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Author Topic: "Official" replacement PSUs - anyone had one?  (Read 15649 times)

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« Reply #15 on: September 18, 2010, 06:17:17 AM »

I recommend to get something decent and not throw money at these amateurs (Globalscale)



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« Reply #16 on: November 26, 2010, 03:10:15 PM »

Having just replaced my PSU with the official replacement PSU from GlobalScale Technologies, I thought I would add some details about the procedure to help others.

1. I ordered the replacement from the GlobalScale website and had it in a week, exactly as they promised. You can order it here: http://www.globalscaletechnologies.com/p-36-sheevaplug-power-supply.aspx

2. I opened the case of my SheevaPlug following the directions in the document available from GlobalScale:

3. I was able to proceed through steps 1 to 5 with no problems. However, on step 6, I discovered that one of the plastic tabs under the screws holding the AC inlet in place was already broken and in the process of prying the AC inlet out, I broke the other one off, as the instructions warn you not to do. But there was no reason for the warning because the replacement PSU has a new AC inlet so it doesn't matter whether you break the old one.

4. I had a fair amount of trouble getting the old PSU out until I noticed that the plastic "locking pieces" described in step 7a are actually locking onto the thin metals sides that contain the old PSU. Once I dug my flathead screwdriver into exactly the right place and pulled up on the cables coming out of the PSU, I was able to release each corner and finally the whole thing came out.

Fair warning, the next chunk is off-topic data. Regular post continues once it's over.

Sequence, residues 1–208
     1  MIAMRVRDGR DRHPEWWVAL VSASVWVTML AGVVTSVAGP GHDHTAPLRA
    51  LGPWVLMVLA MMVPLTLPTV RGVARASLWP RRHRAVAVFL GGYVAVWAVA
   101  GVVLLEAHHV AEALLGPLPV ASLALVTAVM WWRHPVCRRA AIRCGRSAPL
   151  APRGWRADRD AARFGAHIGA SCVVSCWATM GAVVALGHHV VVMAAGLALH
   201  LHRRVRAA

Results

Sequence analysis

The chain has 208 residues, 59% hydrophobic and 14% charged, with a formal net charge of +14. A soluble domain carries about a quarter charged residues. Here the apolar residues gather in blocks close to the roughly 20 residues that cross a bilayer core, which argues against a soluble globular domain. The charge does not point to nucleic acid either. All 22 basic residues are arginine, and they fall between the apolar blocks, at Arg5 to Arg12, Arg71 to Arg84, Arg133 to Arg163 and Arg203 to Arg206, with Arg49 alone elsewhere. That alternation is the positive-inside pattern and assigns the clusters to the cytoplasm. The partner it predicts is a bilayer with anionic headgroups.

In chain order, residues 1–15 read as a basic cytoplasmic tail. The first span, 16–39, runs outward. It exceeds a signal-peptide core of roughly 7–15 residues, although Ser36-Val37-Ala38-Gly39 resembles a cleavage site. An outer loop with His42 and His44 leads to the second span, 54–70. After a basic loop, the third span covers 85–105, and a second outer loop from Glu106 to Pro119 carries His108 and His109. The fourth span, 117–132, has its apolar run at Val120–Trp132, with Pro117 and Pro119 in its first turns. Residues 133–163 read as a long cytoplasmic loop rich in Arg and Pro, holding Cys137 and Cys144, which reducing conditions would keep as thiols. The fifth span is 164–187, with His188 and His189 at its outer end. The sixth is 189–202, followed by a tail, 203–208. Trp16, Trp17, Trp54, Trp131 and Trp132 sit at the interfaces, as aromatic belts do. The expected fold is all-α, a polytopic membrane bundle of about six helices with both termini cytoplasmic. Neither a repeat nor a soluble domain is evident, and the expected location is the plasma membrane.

5. In step 9, the directions say to "prepare a new AC-DC module", without telling you how you are supposed to prepare it. It turns out that you need to remove the black plastic insulation cover from the bottom of the new PSU, which is how it is shipped -- at least mine was, and insert the PSU in place of the old one. Instead, I put the new PSU in place with the black plastic cover still on the bottom. Nothing fit very well and I'm lucky I didn't damage anything putting it into place. After a bunch of fiddling and looking carefully at the instructions, I realized that they meant you to remove the plastic cover first before installing the new PSU. Once I did that, everything fit much better and I now had the insulating cover ready to install at step 17.

6. Steps 10 - 15 are the most difficult part of the whole procedure, but mainly because of the instructions. They show the AC inlet being angled down into the piece it has to fit into (step 11) but when I did it this way, I was completely unable to get it to snap into place, even though I took great care to line up the pieces just like the instructions say. After many tries, I was almost ready to give up on the whole thing when I figured out the correct way to install it. You need to place the AC inlet so the screw tabs are lined up with the screw holes and resting on them and then force the other end of the inlet into place, making sure you have proper alignment as shown in step 12. If you have everything aligned, the end of the inlet away from the PSU will snap into place with a satisfying "crack".

7. The rest of the steps are straightforward except for one small detail. In step 20, the small rubber "stands" have a groove in them that needs to be aligned with a ridge in the hole they go into. You can see this in the step 20 photo but no mention is made of it. Be sure to push the stands all the way in or your SheevaPlug will rock back and forth when placed on a flat surface.

That's it. It was a lot trickier than I thought it would be but definitely doable by anyone that's good with a screwdriver. Hopefully, these details will prevent others from making the same mistakes I did.

By the way, once I buttoned up the case and plugged in the SheevaPlug, it powered right up and worked just like new.



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« Reply #17 on: November 26, 2010, 07:11:26 PM »

Thanks chomeur.  Out of curiousity, what were the shipping costs?

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